September 27, 2006
NFL News And Notes: Week 3
BY: Bob George/BosSports.net
For 13 of his 14 NFL seasons, Jim Breech was a steady kicker for the Cincinnati Bengals. He kicked for the Bengals in both their Super Bowl appearances, and made 243 of his 340 career field goal attempts. In five of his Bengal seasons, he also helped out with the punting duties. Breech was more consistent than he was anything else, and when you can hold down a placekicking job with the same team for 13 straight seasons, it speaks well of you in a generally thankless NFL job. Breech booms one out of the end zone for a touchback.
It’s too bad that between Joey Porter and Chad Johnson, one of them had to win.
Jeremy Shockey did what many protégés of Tom Coughlin would also have loved to do. He called out the kommandant.
No, you shouldn’t do that to your coach. But Coughlin, beloved as he was by Bill Parcells when he was his assistant with the Giants, has to ease up one of these days. Mutinies do happen, and not just to Captain Queeg.
The last thing anyone in Tampa is thinking about right now is 0-3. Get well soon, Chris Simms.
Stop worrying about Tom Brady. He’s fine. Just tell those run blockers to do better so that Brady can throw to someone.
So here we are, complimenting the Buffalo Bills, then they go and make negative NFL history.
J.P. Losman threw over 300 yards, and Willis McGahee rushed for over 150 yards. And they lost. That was an NFL first.
Geek of the week: Tony Kornheiser went a bit overboard with all the commentary on the plight of New Orleans. More football talk was needed, not all this sappy stuff on the rebuilding of New Orleans which got old quick.
That said, bravo to the Big Easy for getting that place back up and running as quick as they did.
And even though Kornheiser was hired to talk football, he does not speak incorrectly. There are a lot of people in that region whom might rather see their home rebuilt than the Superdome. The shots of Ward 9 are simply chilling.
And what of the poor Atlanta Falcons? That team reeks character. They took a beating everyone wanted them to take and came out of it pure professionals. See you in the playoffs, Falcons.
There is one person who absolutely must come up big this Sunday. He’s the one who threw his pads and shirt into the crowd when he last played there for the home team.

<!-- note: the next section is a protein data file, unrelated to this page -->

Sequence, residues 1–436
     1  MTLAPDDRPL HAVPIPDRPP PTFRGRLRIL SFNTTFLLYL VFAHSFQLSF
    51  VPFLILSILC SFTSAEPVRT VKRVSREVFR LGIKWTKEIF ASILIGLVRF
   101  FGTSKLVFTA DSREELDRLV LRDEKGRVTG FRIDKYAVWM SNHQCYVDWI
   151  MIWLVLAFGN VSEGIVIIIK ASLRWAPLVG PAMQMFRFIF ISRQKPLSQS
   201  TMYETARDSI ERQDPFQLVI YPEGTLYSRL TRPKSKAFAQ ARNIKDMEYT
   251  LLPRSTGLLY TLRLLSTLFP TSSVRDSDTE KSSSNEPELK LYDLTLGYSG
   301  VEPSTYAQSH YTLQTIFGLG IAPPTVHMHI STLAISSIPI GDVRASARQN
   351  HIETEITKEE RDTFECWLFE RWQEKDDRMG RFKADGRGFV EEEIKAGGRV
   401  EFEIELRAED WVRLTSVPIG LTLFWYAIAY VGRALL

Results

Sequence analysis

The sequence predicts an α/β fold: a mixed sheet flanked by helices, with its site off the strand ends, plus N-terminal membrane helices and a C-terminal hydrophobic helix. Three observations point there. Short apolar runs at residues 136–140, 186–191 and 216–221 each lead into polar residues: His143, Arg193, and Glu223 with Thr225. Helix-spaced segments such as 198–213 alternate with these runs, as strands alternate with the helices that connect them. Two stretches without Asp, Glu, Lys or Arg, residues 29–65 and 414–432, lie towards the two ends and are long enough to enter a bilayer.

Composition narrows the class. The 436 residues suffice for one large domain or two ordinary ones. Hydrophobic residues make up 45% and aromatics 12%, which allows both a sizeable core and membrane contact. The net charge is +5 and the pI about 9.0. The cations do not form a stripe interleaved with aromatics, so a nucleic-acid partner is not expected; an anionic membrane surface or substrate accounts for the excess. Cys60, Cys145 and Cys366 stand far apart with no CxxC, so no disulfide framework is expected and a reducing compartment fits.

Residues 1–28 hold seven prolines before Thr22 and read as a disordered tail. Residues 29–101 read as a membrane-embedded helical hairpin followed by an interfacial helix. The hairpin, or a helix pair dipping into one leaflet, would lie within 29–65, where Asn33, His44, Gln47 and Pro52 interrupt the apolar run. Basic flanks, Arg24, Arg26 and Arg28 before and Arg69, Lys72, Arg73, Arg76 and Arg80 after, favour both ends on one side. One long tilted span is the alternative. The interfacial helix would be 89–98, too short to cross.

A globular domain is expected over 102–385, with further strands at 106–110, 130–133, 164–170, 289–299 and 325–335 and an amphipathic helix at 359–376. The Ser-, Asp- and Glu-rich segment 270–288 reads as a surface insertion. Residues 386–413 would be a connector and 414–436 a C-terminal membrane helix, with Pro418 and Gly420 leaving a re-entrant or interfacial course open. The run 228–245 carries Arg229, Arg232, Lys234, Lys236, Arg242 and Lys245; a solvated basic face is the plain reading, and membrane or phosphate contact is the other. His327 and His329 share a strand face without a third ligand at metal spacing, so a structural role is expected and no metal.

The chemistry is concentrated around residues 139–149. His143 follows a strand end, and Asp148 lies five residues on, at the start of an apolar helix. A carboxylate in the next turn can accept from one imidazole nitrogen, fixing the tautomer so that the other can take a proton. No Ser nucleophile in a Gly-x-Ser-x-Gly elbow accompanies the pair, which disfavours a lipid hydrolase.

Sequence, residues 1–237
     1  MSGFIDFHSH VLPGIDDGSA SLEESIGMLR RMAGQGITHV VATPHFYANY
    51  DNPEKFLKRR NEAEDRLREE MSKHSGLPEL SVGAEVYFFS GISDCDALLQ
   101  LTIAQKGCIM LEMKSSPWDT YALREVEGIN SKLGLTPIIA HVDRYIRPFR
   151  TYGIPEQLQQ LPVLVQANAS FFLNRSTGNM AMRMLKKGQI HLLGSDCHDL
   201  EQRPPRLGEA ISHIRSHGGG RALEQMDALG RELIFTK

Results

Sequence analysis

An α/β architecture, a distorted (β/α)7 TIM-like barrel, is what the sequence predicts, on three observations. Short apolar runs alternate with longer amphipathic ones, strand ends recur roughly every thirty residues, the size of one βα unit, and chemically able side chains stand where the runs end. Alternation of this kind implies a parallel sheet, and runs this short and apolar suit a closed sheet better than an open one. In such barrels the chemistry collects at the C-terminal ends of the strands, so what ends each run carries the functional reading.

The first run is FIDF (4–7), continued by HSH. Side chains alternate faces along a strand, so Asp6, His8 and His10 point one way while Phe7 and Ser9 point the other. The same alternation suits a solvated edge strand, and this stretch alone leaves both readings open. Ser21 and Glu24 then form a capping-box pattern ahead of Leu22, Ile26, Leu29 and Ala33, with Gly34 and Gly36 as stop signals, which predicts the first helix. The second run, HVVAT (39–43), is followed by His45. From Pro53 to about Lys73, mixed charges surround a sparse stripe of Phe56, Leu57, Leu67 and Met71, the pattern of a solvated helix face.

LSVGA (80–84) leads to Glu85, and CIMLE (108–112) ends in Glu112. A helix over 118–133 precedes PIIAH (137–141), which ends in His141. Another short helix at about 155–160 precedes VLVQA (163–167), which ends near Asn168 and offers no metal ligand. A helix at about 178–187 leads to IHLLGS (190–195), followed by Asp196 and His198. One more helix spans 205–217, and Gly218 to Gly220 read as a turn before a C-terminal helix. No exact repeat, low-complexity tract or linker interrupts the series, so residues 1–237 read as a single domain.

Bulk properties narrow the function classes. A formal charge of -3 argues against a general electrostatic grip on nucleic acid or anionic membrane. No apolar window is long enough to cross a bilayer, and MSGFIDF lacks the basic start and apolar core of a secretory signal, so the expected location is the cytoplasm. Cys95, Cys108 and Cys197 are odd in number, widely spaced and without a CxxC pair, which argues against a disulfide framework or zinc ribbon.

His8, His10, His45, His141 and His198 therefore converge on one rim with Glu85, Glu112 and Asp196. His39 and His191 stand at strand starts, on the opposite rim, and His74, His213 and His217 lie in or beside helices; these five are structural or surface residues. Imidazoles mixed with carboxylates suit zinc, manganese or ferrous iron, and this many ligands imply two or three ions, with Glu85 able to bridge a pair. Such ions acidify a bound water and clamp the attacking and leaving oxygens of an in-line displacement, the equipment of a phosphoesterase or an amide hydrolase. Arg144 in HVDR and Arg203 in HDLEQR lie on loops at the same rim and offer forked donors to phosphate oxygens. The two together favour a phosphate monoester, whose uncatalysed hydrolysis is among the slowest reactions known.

Whatever ails you, Mr. Dillon, get over it and gouge your old mates on Sunday.
And shut that PBS crowd up.
There were four meetings of 0-2 versus 0-2 on Sunday. For those who won, relief. For those who lost, despair.
Those who lost also might not want to hear Parcells’ “You are what your record says you are!” speech right now.
How patient will Cleveland be with Romeo Crennel? No coach ever gets all the patience he needs.
Talk to me when Seattle gets 42 points because of Deion Branch, not in spite of him.
Back to school: It’s sometimes tough to tell if USC is that good or the rest of the Pac-10 is that bad.
Honk if you saw Tedy and Heidi Bruschi on the cover of Sunday’s Parade magazine.
No. I don’t buy it. Jake Plummer is not that good a quarterback. He’s well coached. That’s it.
You wish he would shut up, but there is no better leaping wide receiver in the NFL than Steve Smith.
Sorry, Jacksonville, but one of these days you need to learn to beat the Colts before you start getting Super Bowl pings.
How ironic is it that once upon a time, Bob Kraft wanted his team to be like the 49ers organization. Today, John York presides over a lousy franchise by the Bay, and everyone in the NFL wants to be like Kraft and the Patriots.
The Patriots are heading to China next year. There is no more appropriate usage of this newly timeworn sentence: “And I care why???”
How’s Mario Williams doing? Still no sacks for him, still no wins for his team. He plays on a defense where he’s the only one you have likely heard of. Meanwhile, David Carr has been sacked ten times in three games.
Saints fans deserve to celebrate, but booing Morten Andersen is a little bit off base. He is a stopgap replacement for the ineffective Michael Koenen, nothing more.
Da Bears are finally figuring out how to win tough games. Behind on the road late in the game to a division rival is a good way to learn.
Remember him: Local boy didn’t quite make good. With the fifth pick in the 1969 draft, the Bengals took one of their own hometowners, quarterback Greg Cook. He was from Chillicothe, Ohio and played his college ball at the University of Cincinnati, a school known more for its basketball than anything else. In his only full AFL season, Cook played in 11 of 14 games that year. He completed 53.8 percent of his passes for 1,854 yards, 15 touchdowns and 11 interceptions. His passer rating that year was 88.3. According to Wikipedia, he was drafted “on the strength of Bengals coach and founder Paul Brown being impressed by Cook’s performance in the Bearcats' come-from-behind victory against Miami of Ohio, which was Bo Schembechler's last game before he left to coach at the University of Michigan.” But Cook tore up his rotator cuff during that 1969 season, effectively ending his brief NFL career.
So, did Terrell Owens try and take his own life, or didn’t he?
One of three things happened. Yes, he did. No, this instead was a cry for help. No, he just concocted another way to keep his name in the headlines and garner the attention he craves.
Right now, the smart betting would be on the latter. He went to the hospital, he was fine, he had his press conference, he worked out with his team. Everything’s okay.
This is why you despise this guy. You actually have to feel sorry for Parcells because he has to deal with this. When you aspire to work for Jerry Jones, you have to look a few years down the road before you tell him okay.
That said, if either of the first two things are true, then let him by golly get the help he needs. Especially if he really and truly did try and end his life.
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